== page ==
Common Misconception: Lack Of Liquidity In Multifamily Syndication
Many passive investors have the misconception that when investing in a multifamily syndication, their money will be tied up during the entire hold period. A hold period is the amount of time that you hold on to the property after buying shares in the LLC that owns the building. The time period is usually measured in years, and most syndicators hold the property for five to seven years.
Most investors believe that means their money will be locked in for five to seven years and feel uncomfortable with the lack of access to their money for so long. However, this is a major misconception when it comes to investing in a multifamily syndication. In truth, when you buy a property in a multifamily syndication, you are part of a group of investors who all own shares of an LLC that owns the property. Therefore, technically you have the ability to sell your shares to other investors in the group or even to an investor who wasn't part of the original group.
The Syndicator/General Partner Determines Your Investment Liquidity
The fact is the investment’s liquidity is dependent on the syndicator. There may be cases where an investor or their family was involved in a serious accident, became ill or had a similar type of hardship, and they need cash. The syndicator may allow the sale of shares in some specific cases, but not all. As a passive investor, your due diligence should include inquiring if the syndicator allows investors to sell their shares and how easy is it.
The best thing to do is to ask the syndicator directly about their approach to selling investors’ shares. Another source is the Private Placement Memorandum (PPM) that you sign when making an investment. It’s a legal document (required by the SEC) and includes the partnership agreement. The PPM also outlines all the information about the project, how the sponsor and investors are compensated, fee structures, preferred returns and how the rental income and appreciation will be distributed. It also contains information about the circumstances in which an investor can sell their shares due to hardship.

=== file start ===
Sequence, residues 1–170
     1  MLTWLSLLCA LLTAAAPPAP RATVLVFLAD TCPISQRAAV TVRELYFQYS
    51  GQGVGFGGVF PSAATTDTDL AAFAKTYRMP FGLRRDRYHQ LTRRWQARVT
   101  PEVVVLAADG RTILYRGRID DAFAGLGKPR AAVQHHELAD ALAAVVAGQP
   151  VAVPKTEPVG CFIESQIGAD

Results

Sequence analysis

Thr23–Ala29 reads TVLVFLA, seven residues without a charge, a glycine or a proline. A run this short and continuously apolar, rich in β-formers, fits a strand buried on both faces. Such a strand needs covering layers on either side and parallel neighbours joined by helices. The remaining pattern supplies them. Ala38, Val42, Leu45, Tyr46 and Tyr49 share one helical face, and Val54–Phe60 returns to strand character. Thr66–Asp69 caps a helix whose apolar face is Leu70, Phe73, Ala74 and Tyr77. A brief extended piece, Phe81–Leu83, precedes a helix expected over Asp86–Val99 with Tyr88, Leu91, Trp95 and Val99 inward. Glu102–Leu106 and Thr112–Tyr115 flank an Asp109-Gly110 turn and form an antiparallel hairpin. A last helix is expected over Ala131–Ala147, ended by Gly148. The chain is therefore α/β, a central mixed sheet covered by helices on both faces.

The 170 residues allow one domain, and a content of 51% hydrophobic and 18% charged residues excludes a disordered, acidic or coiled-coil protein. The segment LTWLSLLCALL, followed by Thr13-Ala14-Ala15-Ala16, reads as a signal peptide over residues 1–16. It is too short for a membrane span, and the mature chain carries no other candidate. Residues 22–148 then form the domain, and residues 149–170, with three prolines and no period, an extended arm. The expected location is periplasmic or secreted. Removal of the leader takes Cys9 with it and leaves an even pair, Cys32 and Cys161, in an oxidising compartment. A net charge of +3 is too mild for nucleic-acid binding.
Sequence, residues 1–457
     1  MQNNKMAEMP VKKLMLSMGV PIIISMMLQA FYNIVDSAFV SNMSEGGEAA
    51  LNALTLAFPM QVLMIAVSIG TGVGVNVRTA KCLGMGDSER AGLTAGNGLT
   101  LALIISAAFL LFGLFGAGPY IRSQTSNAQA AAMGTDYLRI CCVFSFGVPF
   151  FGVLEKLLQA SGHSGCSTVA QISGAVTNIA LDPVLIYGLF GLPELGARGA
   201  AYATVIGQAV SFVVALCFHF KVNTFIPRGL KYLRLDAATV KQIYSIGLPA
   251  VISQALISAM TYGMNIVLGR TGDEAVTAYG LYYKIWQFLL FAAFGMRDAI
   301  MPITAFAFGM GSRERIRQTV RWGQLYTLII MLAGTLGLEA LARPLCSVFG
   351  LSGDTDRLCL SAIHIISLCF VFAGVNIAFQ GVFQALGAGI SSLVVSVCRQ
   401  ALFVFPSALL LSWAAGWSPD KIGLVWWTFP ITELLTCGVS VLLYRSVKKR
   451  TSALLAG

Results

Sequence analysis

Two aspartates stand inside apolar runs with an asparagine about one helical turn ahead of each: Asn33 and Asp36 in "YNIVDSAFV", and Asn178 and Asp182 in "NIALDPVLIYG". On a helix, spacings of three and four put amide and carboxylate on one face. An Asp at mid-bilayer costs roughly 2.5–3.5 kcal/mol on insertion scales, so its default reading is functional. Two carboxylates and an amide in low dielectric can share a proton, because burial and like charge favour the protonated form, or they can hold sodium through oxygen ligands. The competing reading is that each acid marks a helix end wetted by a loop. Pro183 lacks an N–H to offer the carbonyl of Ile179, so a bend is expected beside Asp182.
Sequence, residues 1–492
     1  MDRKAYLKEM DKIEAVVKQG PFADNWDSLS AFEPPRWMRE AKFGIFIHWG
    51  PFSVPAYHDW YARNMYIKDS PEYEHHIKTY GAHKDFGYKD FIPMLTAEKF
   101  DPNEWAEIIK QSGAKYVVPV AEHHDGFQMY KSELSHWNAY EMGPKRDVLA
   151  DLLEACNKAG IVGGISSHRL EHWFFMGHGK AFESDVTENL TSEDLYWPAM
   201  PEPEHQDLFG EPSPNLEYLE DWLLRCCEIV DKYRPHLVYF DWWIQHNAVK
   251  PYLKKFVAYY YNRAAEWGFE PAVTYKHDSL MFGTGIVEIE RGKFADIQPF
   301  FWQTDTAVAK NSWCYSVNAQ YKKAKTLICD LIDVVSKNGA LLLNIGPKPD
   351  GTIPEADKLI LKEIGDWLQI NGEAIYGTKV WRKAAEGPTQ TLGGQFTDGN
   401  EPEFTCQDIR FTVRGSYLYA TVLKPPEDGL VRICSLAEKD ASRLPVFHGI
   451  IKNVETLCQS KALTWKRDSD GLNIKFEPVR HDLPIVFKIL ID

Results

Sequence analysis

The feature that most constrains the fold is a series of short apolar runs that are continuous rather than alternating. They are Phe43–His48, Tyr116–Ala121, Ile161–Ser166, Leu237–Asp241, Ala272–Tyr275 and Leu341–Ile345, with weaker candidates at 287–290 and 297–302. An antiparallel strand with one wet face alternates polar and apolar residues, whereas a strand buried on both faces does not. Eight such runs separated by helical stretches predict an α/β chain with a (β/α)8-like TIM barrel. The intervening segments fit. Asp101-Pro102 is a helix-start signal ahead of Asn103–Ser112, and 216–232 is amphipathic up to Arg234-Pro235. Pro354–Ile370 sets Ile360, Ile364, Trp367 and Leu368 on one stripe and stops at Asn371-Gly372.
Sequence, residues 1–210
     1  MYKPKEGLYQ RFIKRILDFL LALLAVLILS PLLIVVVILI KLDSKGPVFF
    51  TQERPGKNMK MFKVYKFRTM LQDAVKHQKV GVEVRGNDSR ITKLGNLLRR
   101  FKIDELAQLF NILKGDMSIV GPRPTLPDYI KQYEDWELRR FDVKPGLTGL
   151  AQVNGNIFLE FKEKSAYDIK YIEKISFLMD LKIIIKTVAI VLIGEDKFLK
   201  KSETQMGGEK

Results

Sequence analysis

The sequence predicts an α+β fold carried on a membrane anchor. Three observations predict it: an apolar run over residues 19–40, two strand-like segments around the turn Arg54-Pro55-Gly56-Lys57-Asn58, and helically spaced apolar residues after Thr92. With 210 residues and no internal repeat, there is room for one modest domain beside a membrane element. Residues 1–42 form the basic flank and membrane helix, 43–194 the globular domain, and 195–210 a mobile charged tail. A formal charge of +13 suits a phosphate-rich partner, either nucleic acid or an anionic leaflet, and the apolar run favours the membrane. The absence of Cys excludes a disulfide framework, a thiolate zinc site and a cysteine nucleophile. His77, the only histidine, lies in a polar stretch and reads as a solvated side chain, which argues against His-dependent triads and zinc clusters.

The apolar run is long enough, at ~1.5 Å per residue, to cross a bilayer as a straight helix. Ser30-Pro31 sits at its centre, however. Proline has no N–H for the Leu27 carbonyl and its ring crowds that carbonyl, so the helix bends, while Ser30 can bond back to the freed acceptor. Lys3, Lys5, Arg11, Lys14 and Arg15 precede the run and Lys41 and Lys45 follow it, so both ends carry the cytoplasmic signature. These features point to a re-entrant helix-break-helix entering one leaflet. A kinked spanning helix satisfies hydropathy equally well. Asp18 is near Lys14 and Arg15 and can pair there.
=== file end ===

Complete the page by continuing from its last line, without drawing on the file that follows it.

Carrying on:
In some cases, the sponsor will have the right to refuse the sale of the investor’s shares. Remember, the sponsor vets investors the same way investors vet sponsors, and they want to know who is going to be their new partner. Their decision could be based on a variety of reasons, but the bottom line is the sponsor makes the decision. On the other hand, some PPMs indicate that the investor can sell their shares without any constraints.
How To Price Your Shares
If the PPM has a provision for an early sale to another investor and the sponsor will allow a “hardship” sale of your shares, how do you price them since the property hasn’t sold yet? It’s tough to calculate, because a good portion of the investment’s return is based on appreciation at the time of sale and you can’t accurately state the amount of appreciation if you sell your shares early.
The best approach is to look at the return projections outlined at the start of the deal. Another approach is to look at the average returns for a multifamily property. For example, cash on cash returns average in the 8-10% range, but if you’re exiting the deal early, that number might have to be adjusted.
Another way to determine the price is to calculate the total return over the stated hold period, and then prorate the share price based on the year in which you want to sell your shares.
Passive investors often have the misconception that their money will be tied up during the entire hold period of a multifamily syndication deal. The reality is that many sponsors allow investors to sell their shares. If an investor wants to leave prior to the property’s sale, the process must be stated in the deal’s private placement memorandum. Investing in a multifamily syndication deal that allows you the flexibility to sell your share at any time combines the benefits of investing in the stock market with the strength of owning real estate.